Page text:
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Disk Utility: Using Disk Utility to Repair Hard Drives and Disk Permissions


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Disk Utility: Using Disk Utility to Repair Hard Drives
Disk Utility: Using Disk Utility to Repair Hard Drives

After a successful repair, Disk Utility won't display any error or warning messages, and will display green text specifying the volume is OK.

Disk Utility’s Repair Disk feature can work with any hard drive connected to your Mac, except the startup disk. If you select the startup disk, the ‘Repair Disk’ button will be grayed out. You will only be able to use the Verify Disk feature, which can examine the drive and determine whether anything is wrong.

Repairing a startup drive with Disk Utility is still possible. To do it, you must boot from another hard drive that has OS X installed, or boot from the OS X installation DVD. Aside from the time required to restart from another hard drive an installation DVD or the Recovery HD, using Disk Utility’s Repair Disk feature otherwise works the same way and takes the same amount of time. If you need to boot from an OS X installation DVD, you’ll find instructions on how to do this on pages 2 and 3 of Installing OS X 10.5 Leopard: Upgrading to OS X 10.5 Leopard.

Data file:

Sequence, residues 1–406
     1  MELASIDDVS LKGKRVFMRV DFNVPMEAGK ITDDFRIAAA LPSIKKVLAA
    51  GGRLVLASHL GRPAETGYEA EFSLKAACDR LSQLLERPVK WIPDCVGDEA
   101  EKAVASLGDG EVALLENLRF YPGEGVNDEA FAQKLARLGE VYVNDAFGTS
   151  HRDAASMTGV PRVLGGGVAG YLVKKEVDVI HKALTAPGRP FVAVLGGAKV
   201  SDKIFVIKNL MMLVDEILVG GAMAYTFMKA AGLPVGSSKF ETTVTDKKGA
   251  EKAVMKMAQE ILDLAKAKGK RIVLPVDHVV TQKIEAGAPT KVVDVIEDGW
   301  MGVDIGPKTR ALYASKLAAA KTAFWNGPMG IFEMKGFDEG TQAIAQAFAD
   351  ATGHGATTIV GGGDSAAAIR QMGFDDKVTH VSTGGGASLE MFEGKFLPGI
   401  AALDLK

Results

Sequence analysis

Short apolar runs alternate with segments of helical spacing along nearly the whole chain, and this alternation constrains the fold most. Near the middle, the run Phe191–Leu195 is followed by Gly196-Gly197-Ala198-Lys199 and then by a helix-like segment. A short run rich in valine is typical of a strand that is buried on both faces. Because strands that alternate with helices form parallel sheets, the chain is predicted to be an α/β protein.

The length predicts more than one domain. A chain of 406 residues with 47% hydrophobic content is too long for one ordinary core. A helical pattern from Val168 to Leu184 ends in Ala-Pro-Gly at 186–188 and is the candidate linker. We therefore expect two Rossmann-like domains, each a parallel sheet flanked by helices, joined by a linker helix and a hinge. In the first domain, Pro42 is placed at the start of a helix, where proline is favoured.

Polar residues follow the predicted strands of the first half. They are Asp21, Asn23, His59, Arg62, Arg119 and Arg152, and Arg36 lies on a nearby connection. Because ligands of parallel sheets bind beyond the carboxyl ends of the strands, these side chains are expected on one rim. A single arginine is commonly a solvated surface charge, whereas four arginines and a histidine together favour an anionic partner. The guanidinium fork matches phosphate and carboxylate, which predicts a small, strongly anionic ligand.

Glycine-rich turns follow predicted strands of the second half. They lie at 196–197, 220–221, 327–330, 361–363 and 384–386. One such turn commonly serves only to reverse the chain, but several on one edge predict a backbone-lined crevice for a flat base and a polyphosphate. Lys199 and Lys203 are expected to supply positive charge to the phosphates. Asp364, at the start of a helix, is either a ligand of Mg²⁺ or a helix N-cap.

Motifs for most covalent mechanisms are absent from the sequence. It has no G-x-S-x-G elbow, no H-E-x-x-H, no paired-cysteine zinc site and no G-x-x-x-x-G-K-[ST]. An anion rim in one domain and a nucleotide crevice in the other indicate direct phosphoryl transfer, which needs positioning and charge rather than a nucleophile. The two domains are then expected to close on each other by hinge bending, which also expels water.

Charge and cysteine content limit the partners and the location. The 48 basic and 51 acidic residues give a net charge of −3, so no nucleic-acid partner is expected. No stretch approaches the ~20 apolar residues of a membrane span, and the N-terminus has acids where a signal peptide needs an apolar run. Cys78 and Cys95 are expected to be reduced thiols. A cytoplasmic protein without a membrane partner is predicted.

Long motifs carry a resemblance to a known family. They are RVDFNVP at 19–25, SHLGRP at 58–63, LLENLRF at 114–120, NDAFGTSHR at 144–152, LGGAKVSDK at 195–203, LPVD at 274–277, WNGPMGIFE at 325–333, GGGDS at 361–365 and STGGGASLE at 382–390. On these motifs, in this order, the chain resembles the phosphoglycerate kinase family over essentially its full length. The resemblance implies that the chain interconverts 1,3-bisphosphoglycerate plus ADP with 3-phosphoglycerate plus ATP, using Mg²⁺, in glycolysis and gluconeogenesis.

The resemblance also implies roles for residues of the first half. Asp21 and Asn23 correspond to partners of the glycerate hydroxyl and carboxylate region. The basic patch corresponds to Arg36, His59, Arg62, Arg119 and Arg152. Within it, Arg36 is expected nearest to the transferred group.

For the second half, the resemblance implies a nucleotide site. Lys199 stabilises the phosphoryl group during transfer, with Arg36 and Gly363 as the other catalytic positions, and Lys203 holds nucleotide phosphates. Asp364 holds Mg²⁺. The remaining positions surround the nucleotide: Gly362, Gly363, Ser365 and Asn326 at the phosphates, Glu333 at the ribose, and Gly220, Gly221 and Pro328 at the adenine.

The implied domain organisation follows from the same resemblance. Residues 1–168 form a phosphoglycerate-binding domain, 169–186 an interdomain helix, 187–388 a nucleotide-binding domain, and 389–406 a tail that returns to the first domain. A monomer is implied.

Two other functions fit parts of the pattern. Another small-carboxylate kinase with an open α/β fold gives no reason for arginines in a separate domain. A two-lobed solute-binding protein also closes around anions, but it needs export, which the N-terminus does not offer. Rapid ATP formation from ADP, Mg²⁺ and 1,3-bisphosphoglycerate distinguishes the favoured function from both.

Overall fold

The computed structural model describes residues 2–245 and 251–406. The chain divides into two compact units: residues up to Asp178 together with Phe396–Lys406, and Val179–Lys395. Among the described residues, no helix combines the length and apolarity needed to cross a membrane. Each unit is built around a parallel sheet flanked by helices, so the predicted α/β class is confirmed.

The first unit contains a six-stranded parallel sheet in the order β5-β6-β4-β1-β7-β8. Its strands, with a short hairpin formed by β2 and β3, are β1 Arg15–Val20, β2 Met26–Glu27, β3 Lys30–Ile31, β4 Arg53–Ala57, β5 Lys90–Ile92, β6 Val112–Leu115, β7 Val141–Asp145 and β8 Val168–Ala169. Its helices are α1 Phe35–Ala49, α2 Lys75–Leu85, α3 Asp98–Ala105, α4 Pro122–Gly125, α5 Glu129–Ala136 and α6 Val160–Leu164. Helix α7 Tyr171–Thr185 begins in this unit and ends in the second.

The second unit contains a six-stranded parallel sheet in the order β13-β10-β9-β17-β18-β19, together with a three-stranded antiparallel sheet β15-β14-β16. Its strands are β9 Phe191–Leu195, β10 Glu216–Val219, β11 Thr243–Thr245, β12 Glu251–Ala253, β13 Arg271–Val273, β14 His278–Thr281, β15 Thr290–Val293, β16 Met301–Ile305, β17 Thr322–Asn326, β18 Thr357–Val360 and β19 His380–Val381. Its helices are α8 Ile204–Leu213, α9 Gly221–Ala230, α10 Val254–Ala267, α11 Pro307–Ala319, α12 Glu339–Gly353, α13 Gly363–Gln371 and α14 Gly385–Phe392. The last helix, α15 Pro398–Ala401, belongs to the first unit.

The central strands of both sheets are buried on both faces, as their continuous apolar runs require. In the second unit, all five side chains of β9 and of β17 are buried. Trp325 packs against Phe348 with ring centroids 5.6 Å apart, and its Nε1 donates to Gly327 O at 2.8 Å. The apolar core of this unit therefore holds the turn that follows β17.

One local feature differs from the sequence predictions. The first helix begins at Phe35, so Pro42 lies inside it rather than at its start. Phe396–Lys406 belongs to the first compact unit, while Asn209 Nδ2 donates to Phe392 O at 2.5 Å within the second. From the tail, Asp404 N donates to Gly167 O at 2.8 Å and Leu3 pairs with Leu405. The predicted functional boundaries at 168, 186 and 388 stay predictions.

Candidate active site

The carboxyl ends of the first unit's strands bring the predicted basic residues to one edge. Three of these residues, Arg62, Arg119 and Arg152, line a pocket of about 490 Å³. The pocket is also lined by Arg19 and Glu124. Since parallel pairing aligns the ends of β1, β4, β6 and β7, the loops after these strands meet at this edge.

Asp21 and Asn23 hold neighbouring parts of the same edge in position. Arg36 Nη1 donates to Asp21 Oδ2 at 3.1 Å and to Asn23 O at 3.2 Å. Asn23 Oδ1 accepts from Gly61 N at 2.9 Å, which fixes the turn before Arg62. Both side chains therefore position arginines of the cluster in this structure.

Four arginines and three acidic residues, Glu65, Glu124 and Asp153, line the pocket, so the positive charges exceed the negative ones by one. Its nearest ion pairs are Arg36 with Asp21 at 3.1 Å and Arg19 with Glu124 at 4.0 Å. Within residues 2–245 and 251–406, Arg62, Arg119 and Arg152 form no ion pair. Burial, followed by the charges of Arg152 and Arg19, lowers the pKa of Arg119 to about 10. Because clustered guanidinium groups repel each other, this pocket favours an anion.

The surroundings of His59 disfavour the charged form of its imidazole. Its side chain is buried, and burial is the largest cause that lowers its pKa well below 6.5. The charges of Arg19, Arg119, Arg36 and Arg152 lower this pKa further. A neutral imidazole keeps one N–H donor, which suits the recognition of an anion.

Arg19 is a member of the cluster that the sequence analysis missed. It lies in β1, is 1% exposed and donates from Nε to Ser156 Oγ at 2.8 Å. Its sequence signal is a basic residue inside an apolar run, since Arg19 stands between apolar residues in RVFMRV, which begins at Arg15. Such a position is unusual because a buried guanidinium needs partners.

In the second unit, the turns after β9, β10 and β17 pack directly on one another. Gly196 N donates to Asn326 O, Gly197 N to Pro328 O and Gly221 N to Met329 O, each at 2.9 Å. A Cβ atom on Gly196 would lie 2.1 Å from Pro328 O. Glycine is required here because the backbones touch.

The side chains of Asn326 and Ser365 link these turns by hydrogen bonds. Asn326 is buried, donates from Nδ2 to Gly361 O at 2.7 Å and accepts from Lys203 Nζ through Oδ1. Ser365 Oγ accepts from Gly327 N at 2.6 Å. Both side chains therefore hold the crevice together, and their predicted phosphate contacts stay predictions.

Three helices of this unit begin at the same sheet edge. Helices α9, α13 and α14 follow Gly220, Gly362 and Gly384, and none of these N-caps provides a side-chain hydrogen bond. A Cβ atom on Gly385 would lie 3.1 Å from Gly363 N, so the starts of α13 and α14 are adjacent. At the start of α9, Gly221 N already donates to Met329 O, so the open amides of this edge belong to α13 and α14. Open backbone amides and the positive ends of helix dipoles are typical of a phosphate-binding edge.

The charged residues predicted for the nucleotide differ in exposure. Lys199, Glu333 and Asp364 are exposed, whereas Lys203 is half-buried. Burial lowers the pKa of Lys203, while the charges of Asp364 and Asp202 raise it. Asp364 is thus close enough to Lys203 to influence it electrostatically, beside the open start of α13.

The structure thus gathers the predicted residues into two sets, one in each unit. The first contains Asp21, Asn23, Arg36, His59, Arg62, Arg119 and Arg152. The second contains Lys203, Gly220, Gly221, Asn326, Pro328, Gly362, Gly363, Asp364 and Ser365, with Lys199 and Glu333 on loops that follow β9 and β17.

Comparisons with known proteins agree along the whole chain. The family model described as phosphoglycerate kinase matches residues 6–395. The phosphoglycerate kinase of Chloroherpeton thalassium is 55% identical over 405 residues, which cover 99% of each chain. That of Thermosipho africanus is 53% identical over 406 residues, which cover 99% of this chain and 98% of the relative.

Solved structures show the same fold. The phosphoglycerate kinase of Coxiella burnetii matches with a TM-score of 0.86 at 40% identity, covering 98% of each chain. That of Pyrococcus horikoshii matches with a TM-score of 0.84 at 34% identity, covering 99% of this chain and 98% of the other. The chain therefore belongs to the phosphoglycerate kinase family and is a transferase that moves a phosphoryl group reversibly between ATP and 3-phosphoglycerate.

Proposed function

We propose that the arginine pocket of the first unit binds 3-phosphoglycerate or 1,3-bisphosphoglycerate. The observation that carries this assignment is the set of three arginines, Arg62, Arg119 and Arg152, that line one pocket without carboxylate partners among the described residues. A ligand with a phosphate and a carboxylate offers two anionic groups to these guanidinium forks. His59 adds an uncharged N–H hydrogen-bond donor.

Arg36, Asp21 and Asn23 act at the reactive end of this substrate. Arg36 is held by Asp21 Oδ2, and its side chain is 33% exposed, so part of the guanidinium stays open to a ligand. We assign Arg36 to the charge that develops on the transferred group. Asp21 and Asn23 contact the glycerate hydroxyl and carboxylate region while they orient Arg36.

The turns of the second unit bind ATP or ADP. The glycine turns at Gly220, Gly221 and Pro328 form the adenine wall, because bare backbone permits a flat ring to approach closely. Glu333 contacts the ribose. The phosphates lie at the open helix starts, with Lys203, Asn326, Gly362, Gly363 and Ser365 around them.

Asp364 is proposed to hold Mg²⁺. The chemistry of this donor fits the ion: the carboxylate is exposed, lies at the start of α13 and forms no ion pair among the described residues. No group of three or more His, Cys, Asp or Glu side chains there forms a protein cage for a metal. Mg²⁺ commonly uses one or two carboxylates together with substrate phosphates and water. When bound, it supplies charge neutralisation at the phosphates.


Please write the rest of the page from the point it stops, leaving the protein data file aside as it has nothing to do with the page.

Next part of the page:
Repair Disk

  1. Back up your drive first. Even though your drive is having some problems, it’s a good idea to create a new backup of a suspect drive before running Repair Disk. While Repair Disk usually doesn’t cause any new problems, it’s possible for the drive to become unusable after an attempt to repair it. This isn’t Disk Repair’s fault. It’s just that the drive was in such bad shape to begin with that Repair Disk’s attempt to scan and repair it kicked the drive over the edge.

  2. Launch Disk Utility, located at /Applications/Utilities/.

  3. Select the ‘First Aid’ tab.

  4. In the left-hand pane, select the hard drive or volume you wish to run Repair Disk on.

  5. Place a check mark in the ‘Show details’ box.

  6. Click the ‘Repair Disk’ button.

  7. If Disk Utility notes any errors, repeat the Repair Disk process until Disk Utility reports ‘The volume xxx appears to be ok.’
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